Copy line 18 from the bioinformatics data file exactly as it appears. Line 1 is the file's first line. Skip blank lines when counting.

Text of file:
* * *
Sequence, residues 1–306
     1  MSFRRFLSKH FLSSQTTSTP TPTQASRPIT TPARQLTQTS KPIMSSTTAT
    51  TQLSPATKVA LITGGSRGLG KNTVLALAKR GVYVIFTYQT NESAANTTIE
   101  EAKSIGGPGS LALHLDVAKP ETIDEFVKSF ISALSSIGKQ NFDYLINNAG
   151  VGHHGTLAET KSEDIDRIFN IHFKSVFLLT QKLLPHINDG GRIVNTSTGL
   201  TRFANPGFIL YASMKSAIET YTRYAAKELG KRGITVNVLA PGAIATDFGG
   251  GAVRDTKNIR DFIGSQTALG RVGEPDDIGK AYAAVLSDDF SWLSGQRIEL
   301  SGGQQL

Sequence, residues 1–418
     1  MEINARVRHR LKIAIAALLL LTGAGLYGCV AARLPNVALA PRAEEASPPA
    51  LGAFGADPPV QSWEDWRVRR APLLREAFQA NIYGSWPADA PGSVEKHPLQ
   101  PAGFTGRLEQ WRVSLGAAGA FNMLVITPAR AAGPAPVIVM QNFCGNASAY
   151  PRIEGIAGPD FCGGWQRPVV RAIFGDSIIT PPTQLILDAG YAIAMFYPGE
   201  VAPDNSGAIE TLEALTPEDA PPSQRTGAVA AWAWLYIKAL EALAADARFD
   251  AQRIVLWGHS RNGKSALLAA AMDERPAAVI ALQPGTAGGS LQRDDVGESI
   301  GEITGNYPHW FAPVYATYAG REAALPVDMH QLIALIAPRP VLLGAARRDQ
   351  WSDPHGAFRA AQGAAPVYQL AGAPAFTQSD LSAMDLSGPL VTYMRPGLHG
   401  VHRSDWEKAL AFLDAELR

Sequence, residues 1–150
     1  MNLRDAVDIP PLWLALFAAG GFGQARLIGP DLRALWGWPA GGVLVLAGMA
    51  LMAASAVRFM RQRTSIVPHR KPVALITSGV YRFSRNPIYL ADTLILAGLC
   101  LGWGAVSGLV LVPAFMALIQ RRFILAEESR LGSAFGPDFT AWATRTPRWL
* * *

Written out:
   401  VHRSDWEKAL AFLDAELR